SMC’s effectiveness still standing strong
Santa Monica College’s main goal has always been to help students achieve academic success and greatness. The school strives to be one of the top community colleges in California, transferring many students to four-year institutions. So when the Board of Trustees got an update on the institution’s effectiveness at their last meeting, they found that despite several budget cuts and the threat of further belt tightening, SMC still continues to fulfill its mission and purpose. The report, officially titled “2012 Update-Institutional Effectiveness,” covered a wide-range of topics, from the fiscal health of the school to sustainability efforts. The report showed SMC’s academic standing and its effectiveness as an institution.
But at the heart of the report were the numbers tracking student progress, and most importantly, student transfers. The beginning of the report includes a “Dashboard: Innovative and Responsive Academic Goal” section that shows the key indicators of SMC’s effectiveness.
The transfer rate held more or less steady at about 50 percent for 2011, and edged up slightly over 50 percent in 2012. The exception to the rule, however, appeared to be in 2010, which saw almost 60 percent of SMC student transfers to four-year institutions.
The goal, as stated in the report, was to hold the transfer rate steady, rather than improve it. However, it is good to see that the transfer rate is increasing, even if by a small margin.
According to the report, “the college has been severely affected by the state funding reductions.” It also identifies the funding reduction of nine percent during the 2011-12 school year as “the biggest in the college’s history,”
Santa Monica College’s general fund has suffered since the onset of the recession, dropping by almost six million dollars over the past four fiscal years. The college’s fund-balance ratio, which is a measure of the balance of the general fund against total expenditures, dropped to a record low of a little over eight percent, and is a difference of more than seven percent from the previous year. The ratio did, however, stay above the five percent minimum recommended by the California Community Colleges Chancellor’s Office.
In spite of those financial headwinds, SMC has managed to uphold a well-deserved reputation as an efficient and effective community college, helping the school keep its great reputation unsullied.
The percent of first-time freshmen that re-enrolled in classes at SMC climbed steadily year after year, reaching well over 70 percent in 2010, the last year for which this data is available. But it still proves that freshmen are re-enrolling in SMC classes, coming back to SMC to continue their academic goals.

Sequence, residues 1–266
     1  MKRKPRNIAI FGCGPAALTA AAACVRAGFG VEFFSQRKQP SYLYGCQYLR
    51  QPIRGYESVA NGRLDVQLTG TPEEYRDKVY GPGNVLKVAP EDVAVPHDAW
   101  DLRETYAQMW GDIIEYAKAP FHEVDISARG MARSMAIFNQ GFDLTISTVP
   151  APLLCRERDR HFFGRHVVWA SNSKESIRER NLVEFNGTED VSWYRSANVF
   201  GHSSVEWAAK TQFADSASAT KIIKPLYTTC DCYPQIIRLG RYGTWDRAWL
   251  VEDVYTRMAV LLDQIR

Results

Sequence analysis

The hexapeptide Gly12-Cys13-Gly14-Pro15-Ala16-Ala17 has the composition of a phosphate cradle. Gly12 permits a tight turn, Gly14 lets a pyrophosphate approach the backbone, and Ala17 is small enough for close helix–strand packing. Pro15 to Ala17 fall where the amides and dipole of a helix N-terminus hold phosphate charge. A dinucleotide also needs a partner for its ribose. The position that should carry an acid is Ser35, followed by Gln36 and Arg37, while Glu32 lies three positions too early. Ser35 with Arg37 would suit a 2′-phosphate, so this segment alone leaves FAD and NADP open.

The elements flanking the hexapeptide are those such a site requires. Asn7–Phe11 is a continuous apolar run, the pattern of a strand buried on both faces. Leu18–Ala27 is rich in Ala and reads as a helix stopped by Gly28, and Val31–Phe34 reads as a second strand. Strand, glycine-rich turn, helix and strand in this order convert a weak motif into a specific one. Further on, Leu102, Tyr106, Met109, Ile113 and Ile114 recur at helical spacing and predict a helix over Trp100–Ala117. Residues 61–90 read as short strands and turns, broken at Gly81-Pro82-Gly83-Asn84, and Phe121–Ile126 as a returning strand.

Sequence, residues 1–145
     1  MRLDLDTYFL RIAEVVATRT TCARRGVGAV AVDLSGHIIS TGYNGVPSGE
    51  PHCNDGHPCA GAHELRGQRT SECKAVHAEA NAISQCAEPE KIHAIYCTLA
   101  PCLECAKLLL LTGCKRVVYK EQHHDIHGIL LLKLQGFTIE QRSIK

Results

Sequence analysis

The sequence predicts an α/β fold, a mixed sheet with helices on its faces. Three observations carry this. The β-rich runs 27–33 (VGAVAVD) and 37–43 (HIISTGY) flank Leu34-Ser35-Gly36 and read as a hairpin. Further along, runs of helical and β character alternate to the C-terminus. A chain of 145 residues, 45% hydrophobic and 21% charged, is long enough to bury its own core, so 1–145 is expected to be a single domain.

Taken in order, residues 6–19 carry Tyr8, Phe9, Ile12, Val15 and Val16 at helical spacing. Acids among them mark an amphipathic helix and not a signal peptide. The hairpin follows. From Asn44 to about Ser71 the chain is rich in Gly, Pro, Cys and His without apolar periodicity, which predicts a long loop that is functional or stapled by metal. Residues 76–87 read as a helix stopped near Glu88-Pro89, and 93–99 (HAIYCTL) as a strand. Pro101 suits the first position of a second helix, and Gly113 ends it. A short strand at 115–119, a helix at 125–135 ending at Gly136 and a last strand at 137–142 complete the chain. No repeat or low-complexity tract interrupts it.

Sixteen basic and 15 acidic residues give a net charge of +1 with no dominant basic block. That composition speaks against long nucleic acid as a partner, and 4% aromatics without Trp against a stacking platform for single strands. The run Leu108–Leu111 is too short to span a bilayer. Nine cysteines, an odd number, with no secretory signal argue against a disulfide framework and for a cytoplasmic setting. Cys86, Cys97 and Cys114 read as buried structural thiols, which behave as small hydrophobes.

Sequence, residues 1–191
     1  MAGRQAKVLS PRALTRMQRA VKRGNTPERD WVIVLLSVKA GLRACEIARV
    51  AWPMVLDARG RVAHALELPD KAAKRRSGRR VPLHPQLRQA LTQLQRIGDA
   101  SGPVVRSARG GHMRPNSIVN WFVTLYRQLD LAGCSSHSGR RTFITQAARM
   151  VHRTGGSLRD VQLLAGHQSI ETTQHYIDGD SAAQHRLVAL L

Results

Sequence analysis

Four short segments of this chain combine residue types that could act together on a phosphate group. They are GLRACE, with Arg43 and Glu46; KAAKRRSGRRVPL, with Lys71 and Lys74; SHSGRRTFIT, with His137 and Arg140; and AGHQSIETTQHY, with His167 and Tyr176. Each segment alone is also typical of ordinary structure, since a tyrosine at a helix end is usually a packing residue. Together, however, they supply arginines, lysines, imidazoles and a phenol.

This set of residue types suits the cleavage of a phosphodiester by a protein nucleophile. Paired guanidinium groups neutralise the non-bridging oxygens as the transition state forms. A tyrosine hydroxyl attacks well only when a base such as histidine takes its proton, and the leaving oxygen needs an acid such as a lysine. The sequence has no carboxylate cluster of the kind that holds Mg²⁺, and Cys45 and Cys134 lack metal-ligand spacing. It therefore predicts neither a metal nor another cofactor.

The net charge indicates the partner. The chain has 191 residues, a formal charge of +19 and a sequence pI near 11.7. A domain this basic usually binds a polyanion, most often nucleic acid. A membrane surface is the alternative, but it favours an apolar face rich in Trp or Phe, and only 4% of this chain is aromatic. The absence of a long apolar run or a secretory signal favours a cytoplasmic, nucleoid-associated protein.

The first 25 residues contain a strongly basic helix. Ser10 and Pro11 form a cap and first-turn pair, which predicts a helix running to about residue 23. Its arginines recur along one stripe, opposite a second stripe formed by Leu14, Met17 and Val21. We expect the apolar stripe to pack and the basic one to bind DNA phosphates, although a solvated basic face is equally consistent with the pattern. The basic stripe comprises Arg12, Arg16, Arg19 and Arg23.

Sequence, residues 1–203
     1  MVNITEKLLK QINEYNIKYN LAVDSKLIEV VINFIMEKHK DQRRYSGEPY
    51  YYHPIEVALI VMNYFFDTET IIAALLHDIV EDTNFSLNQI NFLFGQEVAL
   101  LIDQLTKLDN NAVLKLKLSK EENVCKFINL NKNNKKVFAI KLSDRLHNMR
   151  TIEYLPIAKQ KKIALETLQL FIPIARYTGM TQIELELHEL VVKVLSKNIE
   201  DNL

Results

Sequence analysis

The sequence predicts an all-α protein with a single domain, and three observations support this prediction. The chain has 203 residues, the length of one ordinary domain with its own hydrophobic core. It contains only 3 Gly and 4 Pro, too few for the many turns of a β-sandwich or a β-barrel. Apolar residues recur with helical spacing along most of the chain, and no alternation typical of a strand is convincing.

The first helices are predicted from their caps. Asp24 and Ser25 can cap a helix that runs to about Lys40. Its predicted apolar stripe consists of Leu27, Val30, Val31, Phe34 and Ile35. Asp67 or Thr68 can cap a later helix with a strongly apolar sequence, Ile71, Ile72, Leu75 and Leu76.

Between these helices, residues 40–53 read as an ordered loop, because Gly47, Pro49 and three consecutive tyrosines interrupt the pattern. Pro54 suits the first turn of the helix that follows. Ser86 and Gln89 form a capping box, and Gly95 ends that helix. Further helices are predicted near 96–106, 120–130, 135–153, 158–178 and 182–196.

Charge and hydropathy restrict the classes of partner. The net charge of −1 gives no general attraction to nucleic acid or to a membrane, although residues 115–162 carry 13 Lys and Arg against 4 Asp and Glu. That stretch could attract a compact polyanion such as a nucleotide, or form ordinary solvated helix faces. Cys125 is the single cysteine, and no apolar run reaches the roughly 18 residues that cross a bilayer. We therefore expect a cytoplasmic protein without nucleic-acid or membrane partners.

There is also a steady year-over-year climb with the student success rate, which increased from 65 percent in 2008-09 to almost 70 percent in the 2011-12 school year. Success rates for transferable courses, which are key for moving students on to universities, were over 70 percent for the year. This means that SMC is doing well with giving students the courses needed for transfer.
A little over two thousand students transferred to public institutions in the 2010-2011 school year, just a little less than the 2,111 SMC students that transferred in 2007 before the recession. Regardless of how the economy is doing, SMC’s transfer rate stays steady.
Confronted with sometimes frightening budget scenarios, faculty and administrators of SMC have managed to produce, if not more, then at least the same results that the school is capable of producing.
As a solution to the nation’s long-term budget problems continues to remain elusive, teachers in many parts of the country continue to struggle with an uncertain financial landscape. In California, however, the passage of Gov. Jerry Brown’s Proposition 30 seems to have stabilized a very ill patient. The passage of the measure secures our school with more stability and capability to advance its academic goals.
Although fiscal and academic challenges remain, SMC, along with other California community colleges faced with similar hardships, have functioned well, even while mired in a seemingly endless slew of budget crises.
Even though SMC had initially announced the end of the winter semester, they have made a last-minute decision to bring back the slashed semester.
With a chance that a now fragile economic recovery may take deeper root after the new year, administrators may now be able to set new goals for SMC, not for protecting the bare essentials, but for new growth and expansion at the school.
Now, it is just up to the students to step up their game and accomplish their academic goals.